Lower Your Healthcare Costs…..Forever!

Putting aside all the mounting clinical evidence that points to a plant-based diet as being the answer to obesity, diabetes and other chronic diseases, I just love these anecdotal testimonies!

Together, We Lost 200 Pounds in 2 Years!

By Ashely Chong

weight loss

I recently celebrated my two-year anniversary of being 100% plant based. My journey began in March of 2012. I was determined to lose weight and get healthy, so I began researching about nutrition and overall health. I stumbled across information about vegan diets, and how animal protein and dairy really distort the body. After more research and watching a lot of documentaries, including Forks Over Knives, I decided to give plant-based eating a try.

On April 1st of 2012, I went 100% vegan overnight. About ten days in, I felt amazing, my skin was clearer, and I had lost a good amount of weight. I could not return to my previous diet and feel sick again, so this experiment became a lifestyle change―one that I fell in love with! I fell in love with how I felt, how I started to look, and how I started to think.

My fiancé Andrew started his journey not long after I did, and we continued this beautiful lifestyle together. Over the course of two years, I have lost 125 lbs., and Andrew has lost about 75. We are living examples of the havoc that an animal-rich diet full of processed, chemical-ridden, genetically modified foods can wreak on a body. This super lifestyle has benefited us not only physically, but mentally and spiritually as well. We have truly experienced nothing but positive results!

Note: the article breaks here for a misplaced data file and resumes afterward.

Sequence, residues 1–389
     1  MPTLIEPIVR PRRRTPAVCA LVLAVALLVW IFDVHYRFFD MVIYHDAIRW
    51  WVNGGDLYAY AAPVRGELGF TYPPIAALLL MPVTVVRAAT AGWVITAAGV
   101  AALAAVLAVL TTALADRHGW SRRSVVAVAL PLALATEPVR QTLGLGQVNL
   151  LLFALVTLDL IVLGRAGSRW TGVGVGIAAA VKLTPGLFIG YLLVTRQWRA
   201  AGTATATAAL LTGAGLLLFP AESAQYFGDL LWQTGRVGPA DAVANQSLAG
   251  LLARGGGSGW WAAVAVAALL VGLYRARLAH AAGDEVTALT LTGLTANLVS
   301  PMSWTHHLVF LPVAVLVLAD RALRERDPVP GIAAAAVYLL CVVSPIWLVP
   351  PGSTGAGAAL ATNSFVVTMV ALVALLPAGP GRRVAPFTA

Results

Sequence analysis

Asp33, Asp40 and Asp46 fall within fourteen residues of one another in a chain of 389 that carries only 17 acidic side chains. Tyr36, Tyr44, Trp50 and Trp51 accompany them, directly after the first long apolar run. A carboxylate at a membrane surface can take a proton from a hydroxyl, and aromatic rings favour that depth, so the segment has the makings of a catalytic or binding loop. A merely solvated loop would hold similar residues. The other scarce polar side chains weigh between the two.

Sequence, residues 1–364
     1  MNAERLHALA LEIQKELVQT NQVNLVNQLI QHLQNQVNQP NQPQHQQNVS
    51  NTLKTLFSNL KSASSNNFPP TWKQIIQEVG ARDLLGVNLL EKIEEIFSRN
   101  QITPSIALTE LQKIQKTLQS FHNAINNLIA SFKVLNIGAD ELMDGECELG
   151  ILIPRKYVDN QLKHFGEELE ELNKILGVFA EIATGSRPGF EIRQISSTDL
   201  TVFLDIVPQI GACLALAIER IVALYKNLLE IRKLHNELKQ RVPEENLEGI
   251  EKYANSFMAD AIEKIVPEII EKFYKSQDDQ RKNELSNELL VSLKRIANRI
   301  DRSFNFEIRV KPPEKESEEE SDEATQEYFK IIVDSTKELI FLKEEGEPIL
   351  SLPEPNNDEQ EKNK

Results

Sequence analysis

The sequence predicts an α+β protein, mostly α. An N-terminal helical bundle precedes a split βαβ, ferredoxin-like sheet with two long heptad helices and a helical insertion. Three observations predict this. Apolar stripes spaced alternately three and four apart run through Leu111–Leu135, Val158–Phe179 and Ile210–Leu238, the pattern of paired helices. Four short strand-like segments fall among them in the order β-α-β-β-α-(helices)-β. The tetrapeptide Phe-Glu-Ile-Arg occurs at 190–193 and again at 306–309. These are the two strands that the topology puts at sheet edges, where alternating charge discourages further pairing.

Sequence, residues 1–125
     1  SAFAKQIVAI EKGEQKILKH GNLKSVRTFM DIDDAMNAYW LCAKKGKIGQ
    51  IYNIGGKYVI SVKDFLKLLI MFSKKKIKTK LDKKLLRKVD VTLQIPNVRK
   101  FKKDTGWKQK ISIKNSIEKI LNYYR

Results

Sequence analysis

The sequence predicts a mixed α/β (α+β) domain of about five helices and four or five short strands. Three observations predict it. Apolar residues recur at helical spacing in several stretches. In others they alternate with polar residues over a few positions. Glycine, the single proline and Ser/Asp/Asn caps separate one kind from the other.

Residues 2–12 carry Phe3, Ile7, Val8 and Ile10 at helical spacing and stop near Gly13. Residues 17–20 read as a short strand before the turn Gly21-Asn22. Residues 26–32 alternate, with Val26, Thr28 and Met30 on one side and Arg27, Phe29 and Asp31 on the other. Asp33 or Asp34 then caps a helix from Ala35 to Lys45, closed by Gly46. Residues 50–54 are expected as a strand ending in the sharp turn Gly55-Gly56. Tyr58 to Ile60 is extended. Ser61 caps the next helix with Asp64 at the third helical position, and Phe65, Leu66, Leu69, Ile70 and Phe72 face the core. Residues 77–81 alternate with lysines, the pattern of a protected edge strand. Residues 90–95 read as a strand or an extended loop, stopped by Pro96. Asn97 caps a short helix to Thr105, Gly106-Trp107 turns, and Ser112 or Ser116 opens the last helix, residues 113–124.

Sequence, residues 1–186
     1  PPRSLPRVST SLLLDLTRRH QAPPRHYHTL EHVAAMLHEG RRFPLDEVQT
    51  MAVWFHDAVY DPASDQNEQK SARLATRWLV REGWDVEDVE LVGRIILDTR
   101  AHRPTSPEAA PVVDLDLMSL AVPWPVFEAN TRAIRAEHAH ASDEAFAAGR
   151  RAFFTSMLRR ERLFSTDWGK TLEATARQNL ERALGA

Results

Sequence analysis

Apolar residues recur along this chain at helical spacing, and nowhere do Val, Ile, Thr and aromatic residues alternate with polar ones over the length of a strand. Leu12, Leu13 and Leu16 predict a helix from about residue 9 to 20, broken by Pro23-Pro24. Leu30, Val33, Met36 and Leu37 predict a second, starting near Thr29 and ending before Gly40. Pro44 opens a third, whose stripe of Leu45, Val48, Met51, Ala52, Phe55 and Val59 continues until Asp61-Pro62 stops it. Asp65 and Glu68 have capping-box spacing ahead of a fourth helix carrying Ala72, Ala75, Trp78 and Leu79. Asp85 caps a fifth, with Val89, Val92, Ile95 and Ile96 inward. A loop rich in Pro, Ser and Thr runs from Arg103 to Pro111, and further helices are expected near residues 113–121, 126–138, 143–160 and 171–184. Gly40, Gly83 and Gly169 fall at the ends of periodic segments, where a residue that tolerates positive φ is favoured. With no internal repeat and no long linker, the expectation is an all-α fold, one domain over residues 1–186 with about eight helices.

God bless

Multiple Sclerosis? Fork You!

MS, multiple sclerosis, a frightening diagnosis.  What would you do?  Read this remarkable testimony about the power of your fork!

“Life can change in a moment. It did for me”

Saray 570x299 My Journey from Doctor to MS Patient … and Back – Thanks to Plant Based Eating!

October 11, 1995 started out like any other grueling 24-hour shift at the hospital. I was a young, energetic physician living what I considered to be an extraordinary life. But this night was more exhausting than any I could remember. Deeply fatigued, I finally made it to bed around 3 am. Within the hour, I was awakened by a call from the emergency room. As I leapt out of bed, I experienced something so foreign that it simply took my breath away. During this brief nap I had lost feeling in my lower extremities. Something was terribly wrong. I was emergently rushed off to an MRI that revealed multiple plaques in my brain and spinal cord, confirming a diagnosis of multiple sclerosis.